Jump to content


This site uses cookies. By using this site, you agree to accept cookies, unless you've opted out. (US government web page with instructions to opt out: http://www.usa.gov/optout-instructions.shtml)

Kudelka steps down as AD


  • Please log in to reply
41 replies to this topic

#31 Alexandra

Alexandra

    Board Founder

  • Administrators
  • PipPipPipPipPipPipPipPip
  • 9,275 posts

Posted 20 May 2005 - 01:44 PM

MacMillan resigned as director of the Royal Ballet but continued as resident choreographer, and I'm sure there are other precedents.

#32 rg

rg

    Emeralds Circle

  • Editorial Advisor
  • PipPipPipPipPipPipPip
  • 3,461 posts

Posted 20 May 2005 - 06:22 PM

can't here provide the date, but jerome robbins stepped down from being co-ballet-master-in-chief of new york city ballet and continued in his role as un-official resident choreographer until his death.

#33 Amy Reusch

Amy Reusch

    Platinum Circle

  • Senior Member
  • PipPipPipPipPipPipPip
  • 1,795 posts

Posted 21 May 2005 - 08:14 PM

A company can easily have more than one choreographer, as long as they don't openly hate each other.

Plurality of input would only be good. Think Balanchine and Robbins, for instance.


Yes, but Robbins didn't precede Balanchine... It seems there could be several "resident choreographers", but a choreographer artistic director taking over while Kudelka stepped "down" to resident choreographer? Come to think of it, who made the artistic hiring & repetoire decisions at NYCB, did Kirstein have a hand in that as much as Robbins? Did a triumvirate decide on promotions or was it Balanchine working more or less alone?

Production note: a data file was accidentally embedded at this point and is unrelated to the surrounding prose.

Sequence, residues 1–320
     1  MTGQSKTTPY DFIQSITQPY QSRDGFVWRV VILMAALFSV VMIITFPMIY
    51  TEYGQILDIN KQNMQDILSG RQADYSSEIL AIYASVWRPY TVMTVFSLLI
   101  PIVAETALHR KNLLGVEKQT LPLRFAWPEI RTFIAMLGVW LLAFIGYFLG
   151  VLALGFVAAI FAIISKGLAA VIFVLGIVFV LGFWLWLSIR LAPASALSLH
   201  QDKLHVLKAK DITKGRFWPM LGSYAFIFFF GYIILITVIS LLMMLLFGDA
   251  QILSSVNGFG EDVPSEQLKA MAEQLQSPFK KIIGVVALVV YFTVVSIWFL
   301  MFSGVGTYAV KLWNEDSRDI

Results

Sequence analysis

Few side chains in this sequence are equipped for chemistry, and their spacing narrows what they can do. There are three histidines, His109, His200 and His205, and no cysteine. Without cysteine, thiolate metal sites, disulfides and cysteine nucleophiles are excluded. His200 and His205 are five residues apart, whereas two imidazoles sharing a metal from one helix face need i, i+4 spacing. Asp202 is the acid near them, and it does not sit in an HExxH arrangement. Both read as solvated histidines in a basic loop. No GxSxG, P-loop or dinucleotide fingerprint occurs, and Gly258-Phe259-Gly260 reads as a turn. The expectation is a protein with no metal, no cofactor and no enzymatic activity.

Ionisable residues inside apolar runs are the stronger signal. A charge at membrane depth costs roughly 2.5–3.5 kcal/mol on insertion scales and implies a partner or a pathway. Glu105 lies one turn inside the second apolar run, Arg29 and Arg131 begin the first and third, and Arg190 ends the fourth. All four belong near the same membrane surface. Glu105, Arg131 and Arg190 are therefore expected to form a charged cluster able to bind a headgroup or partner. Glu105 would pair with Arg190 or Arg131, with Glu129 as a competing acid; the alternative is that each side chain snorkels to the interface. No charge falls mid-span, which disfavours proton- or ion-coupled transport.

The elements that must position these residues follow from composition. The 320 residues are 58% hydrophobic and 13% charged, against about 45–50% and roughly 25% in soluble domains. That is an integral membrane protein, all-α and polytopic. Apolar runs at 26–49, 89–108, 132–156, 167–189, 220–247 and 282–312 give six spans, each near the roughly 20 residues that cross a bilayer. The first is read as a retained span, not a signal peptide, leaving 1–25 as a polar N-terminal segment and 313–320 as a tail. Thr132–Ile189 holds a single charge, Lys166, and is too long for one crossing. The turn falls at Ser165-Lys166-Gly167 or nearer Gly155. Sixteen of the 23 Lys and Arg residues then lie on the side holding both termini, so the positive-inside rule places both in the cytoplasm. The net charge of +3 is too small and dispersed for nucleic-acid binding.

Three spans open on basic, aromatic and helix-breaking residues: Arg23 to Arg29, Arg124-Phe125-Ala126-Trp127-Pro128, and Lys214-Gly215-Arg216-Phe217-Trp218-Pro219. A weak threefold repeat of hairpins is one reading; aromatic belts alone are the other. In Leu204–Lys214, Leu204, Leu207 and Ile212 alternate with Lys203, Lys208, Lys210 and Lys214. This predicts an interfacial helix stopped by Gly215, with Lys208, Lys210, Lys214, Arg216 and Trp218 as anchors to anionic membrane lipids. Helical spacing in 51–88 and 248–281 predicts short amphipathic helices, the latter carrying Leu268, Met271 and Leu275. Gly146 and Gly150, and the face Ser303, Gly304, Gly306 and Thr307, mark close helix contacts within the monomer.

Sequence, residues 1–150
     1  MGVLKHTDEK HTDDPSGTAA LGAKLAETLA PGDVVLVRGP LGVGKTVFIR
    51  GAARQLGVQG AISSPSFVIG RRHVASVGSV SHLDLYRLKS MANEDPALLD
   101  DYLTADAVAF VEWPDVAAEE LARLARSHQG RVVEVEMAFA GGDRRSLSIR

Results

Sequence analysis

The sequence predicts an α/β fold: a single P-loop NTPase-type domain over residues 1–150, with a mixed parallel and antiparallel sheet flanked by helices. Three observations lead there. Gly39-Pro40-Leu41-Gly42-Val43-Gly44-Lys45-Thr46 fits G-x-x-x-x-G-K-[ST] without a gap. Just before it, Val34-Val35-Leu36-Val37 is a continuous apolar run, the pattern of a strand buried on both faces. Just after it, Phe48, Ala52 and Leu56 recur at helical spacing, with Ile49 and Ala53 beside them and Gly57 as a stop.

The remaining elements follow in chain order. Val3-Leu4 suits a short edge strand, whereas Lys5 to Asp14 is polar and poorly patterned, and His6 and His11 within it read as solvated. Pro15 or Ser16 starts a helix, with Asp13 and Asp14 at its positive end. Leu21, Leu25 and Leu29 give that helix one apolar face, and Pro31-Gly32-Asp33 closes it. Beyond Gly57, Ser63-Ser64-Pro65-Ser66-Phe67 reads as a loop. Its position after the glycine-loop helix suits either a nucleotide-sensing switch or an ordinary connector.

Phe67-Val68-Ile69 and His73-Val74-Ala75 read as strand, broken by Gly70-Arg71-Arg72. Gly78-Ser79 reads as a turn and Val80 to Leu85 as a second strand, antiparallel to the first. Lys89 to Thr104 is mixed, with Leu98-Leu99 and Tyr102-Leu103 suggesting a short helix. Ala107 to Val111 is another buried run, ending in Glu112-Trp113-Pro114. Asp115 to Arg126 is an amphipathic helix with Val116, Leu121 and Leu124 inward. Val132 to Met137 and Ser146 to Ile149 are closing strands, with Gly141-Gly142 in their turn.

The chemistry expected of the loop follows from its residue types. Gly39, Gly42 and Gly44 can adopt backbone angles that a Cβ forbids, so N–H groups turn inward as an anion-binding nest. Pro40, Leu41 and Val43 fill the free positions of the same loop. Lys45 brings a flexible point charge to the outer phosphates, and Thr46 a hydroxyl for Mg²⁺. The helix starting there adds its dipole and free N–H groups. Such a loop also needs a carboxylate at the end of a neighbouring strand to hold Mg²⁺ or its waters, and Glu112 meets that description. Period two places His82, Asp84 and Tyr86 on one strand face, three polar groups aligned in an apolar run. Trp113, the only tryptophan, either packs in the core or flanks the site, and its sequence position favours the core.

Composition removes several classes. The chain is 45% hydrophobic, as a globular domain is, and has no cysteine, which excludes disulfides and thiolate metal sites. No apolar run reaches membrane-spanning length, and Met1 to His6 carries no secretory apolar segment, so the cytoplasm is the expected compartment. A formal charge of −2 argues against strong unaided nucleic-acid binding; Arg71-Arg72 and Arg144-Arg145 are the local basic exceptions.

can't here provide the date, but jerome robbins stepped down from being co-ballet-master-in-chief of new york city ballet and continued in his role as un-official resident choreographer until his death.

hmmm.... was Robbins' stepping down a semi-retirement at the time? Peter Martins choreographs, certainly... hmmm... but I'm not sure he was recognized as the equal choreographically of Robbins or Balanchine at the time he took the reins... perhaps this is what might happen at the National?

Could the National attract a Kudelka level choreographer to take over as Artistic Director while Kudelka himself becomes "resident choreographer"?

Tudor became artistic director emeritus, didn't he? (I couldn't find his relationship described on ABT's company history page but I seem to remember seeing his name and "emeritus" on a program... and I don't believe it was "resident choreographer emeritus"...) But I'm not sure of the similarity between Tudor's role & Kudelka's... Is Kudelka semi-retiring? Is this a semi-retirement for Kudelka? Or is he hoping this will give him more opportunity to choreograph than he had as director...

MacMillan resigned as director of the Royal Ballet but continued as resident choreographer, and I'm sure there are other precedents.

Isn't this kind of evidence that the National will not be directed by a choreographer? I'm afraid I'm not particularly familiar with the choreographic oeuvre of the directors who suceeded MacMillan. Is this simply the result of not living in New York City?

#34 Ari

Ari

    Gold Circle

  • Member
  • PipPipPipPipPipPip
  • 887 posts

Posted 22 May 2005 - 05:11 AM

Come to think of it, who made the artistic hiring & repetoire decisions at NYCB, did Kirstein have a hand in that as much as Robbins?  Did a triumvirate decide on promotions or was it Balanchine working more or less alone?

<{POST_SNAPBACK}>


Kirstein had no input into artistic decision-making at NYCB. He emphasized that himself in his book Thirty Years [of NYCB], saying that in the course of their association he never once suggested